I was there protesting, in 1983, with the poet Benjamin Zephaniah outside Stoke Newington Police station where a black man Colin Roach, 21, died of bullet wounds. I remember Cherry Groce, mother of eight, shot and paralyzed in 1985 by police in her home in Brixton and Cynthia Jarrett who died of a heart attack when police raided her home in Tottenham. Riots erupted and poor PC Blakelock was cruelly slain. Three innocent black men were convicted of the senseless murder and later freed.  History repeated itself when Mark Duggan, black and young, was shot dead in Tottenham in 2011 setting off the last urban riots. In 1993 I  wrote about Joy Gardener taped up and asphyxiated in front of her young son, when being arrested by immigration police. There have been many others. None of the policemen or women were held to account.  Most disturbing of all was watching Paul Condon at the McPherson inquiry- his curled contempt when giving evidence.

You see I knew of Condon in a previous incarnation. My friend Frank Crichlow, a popular Trinidadian activist in Notting Hill Gate ran the Mangrove, a community music club and restaurant . In 1988, officers answerable to Condon – then Deputy Commissioner for west London- raided the Mangrove. Pictures were taken of illegal drugs- believed to have been planted by the law enforcers- and the subsequent case was thrown out. Crichlow was awarded record damages of £50,000 but he was never himself again. Condon, though, went on to a bigger job running the Met and now sits in the Lords and denies knowledge of any of these incidents.

Discrimination against officers of colour continues in our police forces; too many  citizens of colour still suffer racist violence and abuse. I see a link between the two. The Independent recently interviewed Kevin Maxwell, the mixed race, gay Met officer who said he resigned after being intimidated by his seniors because he spoke up about the racist and homophobic behaviour of some of his colleagues. An employment tribunal upheld 44 counts of harassment. Not that long ago, Gurpal Virdi a Sikh DS won his case of discrimination and then took another case to tribunal just two years later. Assistant Commissioner Tarique Ghaffur, the highest serving Muslim in the Met, left and alleged discrimination. Several members of the National Black Police Association have made similar complaints some publically and some privately to me.

The Lawrences want another enquiry- not, in my view, a wise call. Enquiries are the perfect British answer to contentious events- they go on and on, people forget, the high emotions that led to them are dissipated. (Do you even remember there is a Chilcot Iraq inquiry still to report? )

What we need instead is perhaps a judge gathering all the evidence already in the public domain  of police collusion with or indifference to racist attacks, complaints made by black and Asian coppers, undercover operations against families and groups seeking justice, and those in charge when some of the worst cases surfaced. It should cover the period from the eighties to now, be produced fast and in clear, unambiguous language. And then a parliamentary committee should summon the Met leadership and to ask why, what and when, with future meetings scheduled in to make sure the force is operating fairly, effectively and with integrity. It can be done. And must for the sake of policing and the people of London.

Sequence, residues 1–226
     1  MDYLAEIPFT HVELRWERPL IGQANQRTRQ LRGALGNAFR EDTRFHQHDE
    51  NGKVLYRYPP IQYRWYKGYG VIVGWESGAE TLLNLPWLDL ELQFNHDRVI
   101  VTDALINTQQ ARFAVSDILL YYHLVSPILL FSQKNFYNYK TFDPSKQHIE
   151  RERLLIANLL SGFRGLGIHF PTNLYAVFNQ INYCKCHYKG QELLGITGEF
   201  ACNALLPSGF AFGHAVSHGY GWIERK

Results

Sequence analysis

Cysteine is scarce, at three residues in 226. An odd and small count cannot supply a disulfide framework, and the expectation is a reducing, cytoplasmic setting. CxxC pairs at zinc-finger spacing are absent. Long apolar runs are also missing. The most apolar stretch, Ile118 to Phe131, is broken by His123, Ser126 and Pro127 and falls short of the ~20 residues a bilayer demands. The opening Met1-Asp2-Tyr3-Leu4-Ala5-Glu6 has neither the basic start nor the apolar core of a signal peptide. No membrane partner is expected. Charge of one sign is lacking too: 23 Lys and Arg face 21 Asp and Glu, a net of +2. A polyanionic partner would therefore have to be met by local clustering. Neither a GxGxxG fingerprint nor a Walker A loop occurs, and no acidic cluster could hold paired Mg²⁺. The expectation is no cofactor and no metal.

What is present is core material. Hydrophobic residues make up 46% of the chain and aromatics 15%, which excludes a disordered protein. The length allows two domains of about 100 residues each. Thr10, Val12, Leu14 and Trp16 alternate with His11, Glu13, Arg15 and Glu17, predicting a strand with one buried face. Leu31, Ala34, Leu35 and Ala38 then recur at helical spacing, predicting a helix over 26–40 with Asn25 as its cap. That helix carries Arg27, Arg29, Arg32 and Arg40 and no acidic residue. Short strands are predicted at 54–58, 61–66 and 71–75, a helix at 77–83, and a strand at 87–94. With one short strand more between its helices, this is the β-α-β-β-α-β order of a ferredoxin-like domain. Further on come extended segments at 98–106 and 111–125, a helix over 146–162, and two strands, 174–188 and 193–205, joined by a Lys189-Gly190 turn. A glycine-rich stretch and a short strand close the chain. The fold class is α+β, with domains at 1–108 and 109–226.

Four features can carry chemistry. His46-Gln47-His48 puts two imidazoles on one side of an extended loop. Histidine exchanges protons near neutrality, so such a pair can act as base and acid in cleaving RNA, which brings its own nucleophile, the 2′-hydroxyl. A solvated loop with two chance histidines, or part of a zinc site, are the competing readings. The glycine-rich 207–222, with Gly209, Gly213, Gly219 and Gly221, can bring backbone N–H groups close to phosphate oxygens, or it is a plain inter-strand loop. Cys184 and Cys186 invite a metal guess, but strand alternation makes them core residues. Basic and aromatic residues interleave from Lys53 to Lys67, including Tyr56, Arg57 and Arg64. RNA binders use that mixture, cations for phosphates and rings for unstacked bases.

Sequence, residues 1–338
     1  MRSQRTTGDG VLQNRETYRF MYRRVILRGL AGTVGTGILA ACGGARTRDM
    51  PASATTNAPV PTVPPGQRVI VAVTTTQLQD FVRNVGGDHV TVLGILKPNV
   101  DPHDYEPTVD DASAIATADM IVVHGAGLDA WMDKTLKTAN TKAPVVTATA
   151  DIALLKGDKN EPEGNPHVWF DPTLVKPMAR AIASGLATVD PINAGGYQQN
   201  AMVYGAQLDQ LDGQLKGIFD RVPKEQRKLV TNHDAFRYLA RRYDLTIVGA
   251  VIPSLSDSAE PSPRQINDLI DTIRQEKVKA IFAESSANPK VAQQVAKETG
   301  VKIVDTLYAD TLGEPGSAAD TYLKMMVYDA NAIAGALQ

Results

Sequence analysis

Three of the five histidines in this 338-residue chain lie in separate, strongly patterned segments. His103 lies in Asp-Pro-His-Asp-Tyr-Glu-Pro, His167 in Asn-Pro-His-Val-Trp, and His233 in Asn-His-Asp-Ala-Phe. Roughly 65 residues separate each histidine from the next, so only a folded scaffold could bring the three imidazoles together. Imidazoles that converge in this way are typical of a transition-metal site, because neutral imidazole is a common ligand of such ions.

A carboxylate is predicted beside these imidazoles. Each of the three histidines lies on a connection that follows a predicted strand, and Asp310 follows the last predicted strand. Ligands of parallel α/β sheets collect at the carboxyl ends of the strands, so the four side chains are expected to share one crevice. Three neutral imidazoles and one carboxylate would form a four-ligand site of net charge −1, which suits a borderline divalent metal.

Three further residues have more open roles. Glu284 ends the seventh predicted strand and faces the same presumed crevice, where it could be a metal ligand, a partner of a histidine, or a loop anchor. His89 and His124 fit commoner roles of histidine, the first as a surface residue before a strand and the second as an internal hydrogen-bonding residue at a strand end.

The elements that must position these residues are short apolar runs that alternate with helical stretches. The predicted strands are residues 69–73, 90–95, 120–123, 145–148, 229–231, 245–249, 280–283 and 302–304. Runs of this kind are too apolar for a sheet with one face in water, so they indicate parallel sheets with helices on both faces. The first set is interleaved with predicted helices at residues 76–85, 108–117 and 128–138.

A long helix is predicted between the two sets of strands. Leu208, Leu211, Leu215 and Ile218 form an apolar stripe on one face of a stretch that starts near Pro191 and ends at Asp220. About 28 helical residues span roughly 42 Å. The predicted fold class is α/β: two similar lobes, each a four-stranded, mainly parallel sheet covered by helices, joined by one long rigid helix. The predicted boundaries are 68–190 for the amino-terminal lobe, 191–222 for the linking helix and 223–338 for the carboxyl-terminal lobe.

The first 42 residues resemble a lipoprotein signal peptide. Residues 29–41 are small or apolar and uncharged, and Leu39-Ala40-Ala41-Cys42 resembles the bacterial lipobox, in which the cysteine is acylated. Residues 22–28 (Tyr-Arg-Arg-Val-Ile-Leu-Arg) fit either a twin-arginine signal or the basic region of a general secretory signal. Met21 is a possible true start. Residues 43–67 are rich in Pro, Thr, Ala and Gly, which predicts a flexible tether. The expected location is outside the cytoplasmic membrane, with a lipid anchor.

From: Night Lawyer
Sent: 30 June 2013 16:58
To: Laurence Earle
Subject: RE: yasmin copy for legal pls

 

Hi,

 

Please note the legal marks in red below.

 

Many thanks.

 

Lois

 

From: Laurence Earle
Sent: 30 June 2013 15:38
To: Night Lawyer
Subject: yasmin copy for legal pls

 

 

 

From: Yasmin Alibhai-Brown [mailto:y.alibhai-brown@ntlworld.com]
Sent: 30 June 2013 15:38
To: Laurence Earle
Subject: Met and race

 

Race and the Met

Yasmin Alibhai-Brown

I hope Met bosses don’t go all defensive about this column or distrust my motives. Some of them have tried ( though failed) to eradicate the virus of pervasive police racism. A few took me to good lunches and provided me with extra security when I faced some frightening physical threats. So I owe them and would not malign either individuals or the force without good reason. But having been an anti-racist activist all my adult life, I also know stories, dark secrets of black and Asian people failed or picked for special ill treatment by Met officers, high and low. From time to time these dank truths emerge, and the public is shocked. When will the police do more than pretend they understand and care? Their old statements of intent and good policies, just sheets of decorative wallpaper, are now frayed and fading. And, dishearteningly, contemporary promises and practices have not delivered.